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his skills were wider well. Havmg enjoyed a good education his talents were many and varied. Through his own vast experience he also acquired a useful knowledge 0f the ways 0f the world and was a great help t0 the Pilgrims in their business dealings. If it had not been for WinsIow, we would not have known what any of the PiIgrims looked like, because he is the only Pilgrim whose 畝ま第 portrait has survived. This portrait shows his kind and friendly face and reveals that he was a gentleman 0f some dignity. Like Bradford, WinsIow was a good writer and collaborated with Bradford ⅲ the writing of the 1622 book, Mo ' s e 厄 0 れ , the first book published on the colony. His writing style is professional and he had an excellent eye for detail Often noting and recording events missed by Bradford. Together they provide a first class record. WinsIow was baptized on 18 October 1595 at Worcester. He was a de- scendant Of the WinsIow family Of Kempsey, Worcestershire, where the estate was called 'Kerswell'; so he later called his estate ⅲ Plymouth ℃ areswell'. His early occupation was recorded a printer but in 1624 at the age 0f thirty, he described himself a yeoman. ln 1614 , when he was nineteen, he was betrothed ⅲ Leyden tO Elizabeth Barker. His wife died on 24 March 1621. On 12 May 1621 , Edward Winslow married Susanna White, the widow of William White, which Bradford described the 'first marriage ⅲ this place'. WinsIow was elected Governor three times, sharing the position with WiIIiam Bradford. He performed well ⅲ office and the colony pro- gressed under his le adership. Winslow also played a critical role ⅲ all the negotiations with the lndians, participating ⅲ many meetings, especially those held t0 establish peace with the great lndian chief, Massasoit. FoIIowing h1S periOd Of service ⅲ the colony, WinsIow returned tO England where he served the new commonwealth government 0f the Puritan revolutionary Oliver Cromwell, a foreign ambassador negotiating new treaties inspired by Cromwell's religious policies ⅲ such far-flung outposts the West lndies. He died ⅲ the West lndies 0f a tropical disease. Captain Myles Standish Standish was the heroic soldier ⅲ the colony. He was also one 0f the more colorful figures ⅲ the Pilgrim group and, if there was a f01k hero among their number, it was MYles Standish, wh0 was affectionately known by those he protected ℃ aptain Shrimp . Standish was a brave and enterprising soldier wh0 initiated and led many Of the exploring parties ⅲ the new colony, fearlessly penetrating virgin tracts 0f untamed land, leading the Pilgrims from one day t0 the next. lt was Standish wh0 defended the Pilgrims against the lndians, repulsing attack and personally killing the worst Of the lndian leaders. lt was Standish wh0 trained them ⅲ the art Of self-protection The Pilgrim leader Edward Winslow. He リ bl d 0 〃 ん experænces ーれ ん 0 〃 do encouraging future settlers travel the New World. 6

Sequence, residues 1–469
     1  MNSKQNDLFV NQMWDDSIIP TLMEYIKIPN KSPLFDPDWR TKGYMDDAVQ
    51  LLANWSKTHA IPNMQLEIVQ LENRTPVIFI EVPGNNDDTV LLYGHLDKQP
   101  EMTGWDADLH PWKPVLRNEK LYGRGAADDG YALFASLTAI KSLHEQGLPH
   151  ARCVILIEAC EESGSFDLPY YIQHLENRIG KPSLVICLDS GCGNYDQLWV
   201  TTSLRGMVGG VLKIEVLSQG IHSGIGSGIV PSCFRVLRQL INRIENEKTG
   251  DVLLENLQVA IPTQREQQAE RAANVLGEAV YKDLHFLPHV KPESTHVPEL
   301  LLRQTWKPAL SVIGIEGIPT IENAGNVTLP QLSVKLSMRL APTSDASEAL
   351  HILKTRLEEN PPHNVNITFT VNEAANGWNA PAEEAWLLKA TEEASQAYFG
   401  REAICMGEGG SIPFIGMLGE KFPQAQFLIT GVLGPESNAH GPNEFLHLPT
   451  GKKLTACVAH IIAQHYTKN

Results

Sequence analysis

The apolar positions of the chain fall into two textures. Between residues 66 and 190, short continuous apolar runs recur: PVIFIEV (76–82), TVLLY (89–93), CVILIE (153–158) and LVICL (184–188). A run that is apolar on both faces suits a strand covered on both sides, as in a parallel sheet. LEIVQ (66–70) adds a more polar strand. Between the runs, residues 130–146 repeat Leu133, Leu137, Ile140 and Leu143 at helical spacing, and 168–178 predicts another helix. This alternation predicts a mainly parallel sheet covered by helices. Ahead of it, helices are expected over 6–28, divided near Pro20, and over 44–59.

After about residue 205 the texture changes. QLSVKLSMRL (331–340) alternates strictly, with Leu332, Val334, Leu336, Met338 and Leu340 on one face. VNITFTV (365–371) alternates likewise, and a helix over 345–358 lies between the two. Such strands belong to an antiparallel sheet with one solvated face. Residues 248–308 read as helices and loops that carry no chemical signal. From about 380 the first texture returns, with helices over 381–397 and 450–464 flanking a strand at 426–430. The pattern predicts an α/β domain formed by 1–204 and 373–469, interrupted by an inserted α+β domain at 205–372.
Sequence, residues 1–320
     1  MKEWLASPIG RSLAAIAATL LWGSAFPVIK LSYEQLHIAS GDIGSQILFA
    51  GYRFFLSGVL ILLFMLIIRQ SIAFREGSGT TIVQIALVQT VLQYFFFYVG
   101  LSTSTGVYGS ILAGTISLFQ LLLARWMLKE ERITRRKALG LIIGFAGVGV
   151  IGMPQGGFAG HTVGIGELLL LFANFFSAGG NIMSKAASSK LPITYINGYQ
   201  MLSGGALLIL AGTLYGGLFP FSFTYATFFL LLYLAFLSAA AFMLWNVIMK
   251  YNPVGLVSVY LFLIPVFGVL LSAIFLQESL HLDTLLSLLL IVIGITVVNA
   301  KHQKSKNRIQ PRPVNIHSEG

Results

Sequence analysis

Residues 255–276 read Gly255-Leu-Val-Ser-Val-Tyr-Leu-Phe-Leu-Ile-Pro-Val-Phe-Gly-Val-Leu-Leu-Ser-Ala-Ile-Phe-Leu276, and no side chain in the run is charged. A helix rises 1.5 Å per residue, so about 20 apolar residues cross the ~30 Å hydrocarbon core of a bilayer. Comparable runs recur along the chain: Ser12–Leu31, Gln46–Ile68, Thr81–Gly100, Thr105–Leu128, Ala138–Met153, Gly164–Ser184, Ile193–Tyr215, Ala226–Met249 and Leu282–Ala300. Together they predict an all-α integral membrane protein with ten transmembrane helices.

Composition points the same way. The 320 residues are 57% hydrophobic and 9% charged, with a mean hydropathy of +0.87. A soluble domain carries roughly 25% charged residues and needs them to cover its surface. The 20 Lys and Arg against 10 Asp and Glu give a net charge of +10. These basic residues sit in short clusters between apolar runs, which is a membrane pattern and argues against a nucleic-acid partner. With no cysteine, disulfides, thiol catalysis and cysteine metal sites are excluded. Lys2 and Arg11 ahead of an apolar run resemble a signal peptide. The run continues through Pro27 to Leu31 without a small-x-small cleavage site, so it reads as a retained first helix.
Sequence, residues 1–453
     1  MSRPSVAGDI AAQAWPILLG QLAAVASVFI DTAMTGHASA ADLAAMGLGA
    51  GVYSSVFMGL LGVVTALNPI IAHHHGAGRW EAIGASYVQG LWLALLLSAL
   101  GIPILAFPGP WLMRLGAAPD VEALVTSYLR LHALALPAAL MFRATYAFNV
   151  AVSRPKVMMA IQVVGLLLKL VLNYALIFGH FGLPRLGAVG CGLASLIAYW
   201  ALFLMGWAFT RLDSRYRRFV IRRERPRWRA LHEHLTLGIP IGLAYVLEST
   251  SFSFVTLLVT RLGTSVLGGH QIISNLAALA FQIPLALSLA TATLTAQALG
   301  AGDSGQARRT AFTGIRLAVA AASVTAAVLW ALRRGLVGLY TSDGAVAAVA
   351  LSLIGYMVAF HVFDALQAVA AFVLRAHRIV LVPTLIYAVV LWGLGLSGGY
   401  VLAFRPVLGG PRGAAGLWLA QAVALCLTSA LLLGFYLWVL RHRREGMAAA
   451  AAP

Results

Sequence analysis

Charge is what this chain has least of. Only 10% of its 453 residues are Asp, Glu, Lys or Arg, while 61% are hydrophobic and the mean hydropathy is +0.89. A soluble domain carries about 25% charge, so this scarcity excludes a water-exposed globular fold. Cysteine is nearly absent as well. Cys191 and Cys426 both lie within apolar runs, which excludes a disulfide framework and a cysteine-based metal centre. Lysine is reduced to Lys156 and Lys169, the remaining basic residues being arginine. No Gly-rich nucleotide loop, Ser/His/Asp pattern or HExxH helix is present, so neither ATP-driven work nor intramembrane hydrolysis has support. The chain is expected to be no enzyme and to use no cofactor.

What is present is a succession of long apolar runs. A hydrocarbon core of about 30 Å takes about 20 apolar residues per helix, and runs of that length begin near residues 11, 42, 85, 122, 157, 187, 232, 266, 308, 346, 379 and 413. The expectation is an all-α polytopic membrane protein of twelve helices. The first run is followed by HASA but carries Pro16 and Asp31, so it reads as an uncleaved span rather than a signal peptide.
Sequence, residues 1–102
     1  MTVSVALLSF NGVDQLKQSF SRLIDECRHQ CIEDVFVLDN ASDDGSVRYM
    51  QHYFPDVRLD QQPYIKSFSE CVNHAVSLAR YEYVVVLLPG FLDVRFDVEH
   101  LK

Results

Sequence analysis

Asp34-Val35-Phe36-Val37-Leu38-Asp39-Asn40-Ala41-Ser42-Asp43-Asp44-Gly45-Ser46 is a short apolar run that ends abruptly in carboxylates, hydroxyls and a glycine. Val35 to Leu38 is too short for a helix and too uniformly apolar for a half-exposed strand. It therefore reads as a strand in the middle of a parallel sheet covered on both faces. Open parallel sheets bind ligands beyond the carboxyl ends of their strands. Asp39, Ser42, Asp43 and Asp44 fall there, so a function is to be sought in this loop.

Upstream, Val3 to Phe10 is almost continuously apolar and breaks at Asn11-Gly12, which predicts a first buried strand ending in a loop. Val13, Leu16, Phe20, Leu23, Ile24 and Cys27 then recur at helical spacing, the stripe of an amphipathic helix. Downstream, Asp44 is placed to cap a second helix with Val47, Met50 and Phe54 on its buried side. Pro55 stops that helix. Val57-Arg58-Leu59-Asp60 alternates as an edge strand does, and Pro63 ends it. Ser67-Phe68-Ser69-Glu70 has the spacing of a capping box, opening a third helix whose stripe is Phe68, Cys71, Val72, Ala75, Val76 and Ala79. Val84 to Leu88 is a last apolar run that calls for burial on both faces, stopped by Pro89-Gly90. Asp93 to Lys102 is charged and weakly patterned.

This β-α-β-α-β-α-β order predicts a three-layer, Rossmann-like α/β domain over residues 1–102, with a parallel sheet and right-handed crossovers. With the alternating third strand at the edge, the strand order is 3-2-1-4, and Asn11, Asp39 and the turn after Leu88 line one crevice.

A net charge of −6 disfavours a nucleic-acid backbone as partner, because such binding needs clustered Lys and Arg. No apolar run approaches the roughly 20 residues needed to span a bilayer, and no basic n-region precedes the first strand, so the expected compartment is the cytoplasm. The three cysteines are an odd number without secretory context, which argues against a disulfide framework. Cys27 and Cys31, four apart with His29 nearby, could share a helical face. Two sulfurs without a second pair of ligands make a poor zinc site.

マルチスレッド・サーバー・ * Return the opened Socket Obj ect protected Socket getSocket ( ) * Set the Messenger obj ect. This method is called by the * Mu1tiThreadedServer c1ass which sets the concrete Messenger * Obj ect created by the subclass 0f MuItiThreadedServer class void setMessenger(Messenger mess) thiS . mess=mess; return SOC ; リスト 3 Messenger クラス * Abstract c1ass that sends wraps the business Obj ects tO send * across the network import Java. iO . * ; public abstract class Messenger implements Seria1izab1e protected Obj ect 0bj ; protected Database DB ; * Constructor takes the Database object and reads the previously * stored business Ob 」 ect . The attribute Obj h01ds the AddressBook * Ob コ ect which is set in the main method Of AddressB00kServer class public Messenger(Database DB) throws IOException, CIassNotFoundException,FiIeNotFoundFyception, StreamCorruptedException this . DB=DB ; obj=DB. read() ; * Writes the business objects tO the Database public void save ( ) throws IOException DB. write() ; UNIX MAGAZINE 1999.4 33